Elgin Vintners founding partner Dr Max Hahn is a fount of knowledge on the history of the Elgin Valley and the Elgin Orchards farm that sparked his interest in owning an apple farm “one day”.
Now living in what is believed to be the oldest house in the valley, the tollhouse at the bridge over the Palmiet River that runs through the valley, he knows the stories of the farm’s original owner Edward Syfret, neighbour Jack Green (and the foefie slide, or rope-and-pulley system used to transport apples over the river to his packshed), and the Denniston family who offered recuperation in the Ridgelands manor house on the farm for injured troops returning from World War II.
Those families are remembered in the names of the guest bedrooms in the stately manor house that is now home to Elgin Vintners, luxury accommodation for visitors and a scenic venue for special events.
Max’s father was one of the injured troops nursed to wellness at Ridgelands and became friends with the Denniston family – many visits to Elgin Orchards and the Ridgelands manor house sparking the young Max’s dream of one day retiring to an apple farm in the area.
But, he says, “I never dreamed I would own THIS farm”.
That opportunity came about many years later in 2001, after a science degree in geology and chemistry, a degree in medicine, and a long career in business. Through a combination of fate, the right timing and the right price – and confidence from knowing the history and people of the farm, he acquired Elgin Orchards and its business of farming and packing apples and pears in 2001.
For many, there is a romance about growing vines and making wine. For Dr Hahn, the diversifying into grapes was a business decision prompted by a downturn in the apple industry, increasing signals of global warming, and expert views that the cool climate and unique terroir of the Elgin valley had the potential to make excellent wines.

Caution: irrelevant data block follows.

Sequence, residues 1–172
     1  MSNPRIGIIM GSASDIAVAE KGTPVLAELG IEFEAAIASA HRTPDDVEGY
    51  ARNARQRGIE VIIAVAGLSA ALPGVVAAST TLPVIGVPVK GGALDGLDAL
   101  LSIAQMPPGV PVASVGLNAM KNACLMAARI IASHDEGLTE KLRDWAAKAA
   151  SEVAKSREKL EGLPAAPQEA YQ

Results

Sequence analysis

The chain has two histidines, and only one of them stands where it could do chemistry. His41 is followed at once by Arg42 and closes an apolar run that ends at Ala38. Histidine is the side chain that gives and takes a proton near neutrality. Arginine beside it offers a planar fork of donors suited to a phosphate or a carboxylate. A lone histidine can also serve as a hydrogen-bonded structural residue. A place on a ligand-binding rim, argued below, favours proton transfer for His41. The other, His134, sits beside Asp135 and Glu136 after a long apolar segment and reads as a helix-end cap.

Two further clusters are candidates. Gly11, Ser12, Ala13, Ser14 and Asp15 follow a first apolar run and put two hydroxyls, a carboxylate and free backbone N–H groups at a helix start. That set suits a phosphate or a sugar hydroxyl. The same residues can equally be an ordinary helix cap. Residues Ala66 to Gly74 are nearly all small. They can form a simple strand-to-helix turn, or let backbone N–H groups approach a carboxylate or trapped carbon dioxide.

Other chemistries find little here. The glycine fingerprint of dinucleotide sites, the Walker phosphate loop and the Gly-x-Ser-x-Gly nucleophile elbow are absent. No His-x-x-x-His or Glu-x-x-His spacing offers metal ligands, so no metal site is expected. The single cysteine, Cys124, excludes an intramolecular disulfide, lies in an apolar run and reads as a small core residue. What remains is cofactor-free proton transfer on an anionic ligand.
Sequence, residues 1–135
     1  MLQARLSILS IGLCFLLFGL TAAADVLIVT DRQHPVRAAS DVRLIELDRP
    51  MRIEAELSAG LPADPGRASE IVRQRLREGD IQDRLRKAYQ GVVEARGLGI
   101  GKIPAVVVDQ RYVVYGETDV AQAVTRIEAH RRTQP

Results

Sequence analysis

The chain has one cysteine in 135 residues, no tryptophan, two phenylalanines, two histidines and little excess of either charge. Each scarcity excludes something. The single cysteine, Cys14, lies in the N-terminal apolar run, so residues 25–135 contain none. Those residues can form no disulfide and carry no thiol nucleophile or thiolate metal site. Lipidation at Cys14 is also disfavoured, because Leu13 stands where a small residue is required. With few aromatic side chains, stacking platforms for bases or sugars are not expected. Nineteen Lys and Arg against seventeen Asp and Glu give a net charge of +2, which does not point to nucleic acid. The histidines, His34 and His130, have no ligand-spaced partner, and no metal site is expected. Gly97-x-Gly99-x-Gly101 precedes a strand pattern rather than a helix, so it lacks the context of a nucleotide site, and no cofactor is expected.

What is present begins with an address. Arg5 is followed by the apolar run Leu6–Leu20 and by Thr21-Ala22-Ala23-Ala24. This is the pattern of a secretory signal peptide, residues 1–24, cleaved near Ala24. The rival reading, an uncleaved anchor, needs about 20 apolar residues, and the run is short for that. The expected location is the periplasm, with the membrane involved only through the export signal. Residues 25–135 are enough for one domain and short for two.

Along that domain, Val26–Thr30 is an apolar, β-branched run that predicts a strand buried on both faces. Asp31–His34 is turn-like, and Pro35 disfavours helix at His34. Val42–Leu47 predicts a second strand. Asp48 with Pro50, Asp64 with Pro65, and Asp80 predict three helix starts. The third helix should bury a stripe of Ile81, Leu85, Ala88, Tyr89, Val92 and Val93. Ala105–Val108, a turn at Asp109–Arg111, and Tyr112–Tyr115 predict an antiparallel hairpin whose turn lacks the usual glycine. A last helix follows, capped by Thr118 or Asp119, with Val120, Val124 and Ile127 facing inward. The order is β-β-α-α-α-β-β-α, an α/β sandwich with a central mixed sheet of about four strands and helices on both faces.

His passion is for the industrious effort of agriculture and the reward in agricultural products, rather than for wine per se, although he has since travelled the world experiencing the viticulture and wines of various regions.
“I love the vineyards. They’re open and rolling (a much nicer place to ride your bike than through the orchards that obscure the views) and the scientist in me is fascinated by the soil profiles and their impact on the vines, and the chemistry that goes into making wine.”
An initial 30ha of the 800ha farm, with its 250ha of fruit orchards, was put under grapes, on a wedge-shaped piece of ground along the river.
Elgin Vintners, a partnership of farmers in the area who entered into grape-growing and wine-making, was one of the early players in what grew into a small, but significant industry, over the next decade.
“My heart is in agriculture – and agriculture that is done exceptionally well. I love to see the process and effort that goes into agriculture, the work in the orchards and vineyards that changes with the seasons, the crops slowly developing to harvest.”
“Most people don’t like being woken up by the noise of a spray cart in the orchards in the morning, but I do! It’s a sign of things happening on the farm, and that makes me feel good.”
“I’m a perfectionist and I don’t do things half-heartedly – not a weekend farmer type of person. Things must be done properly, and that goes for wine too.”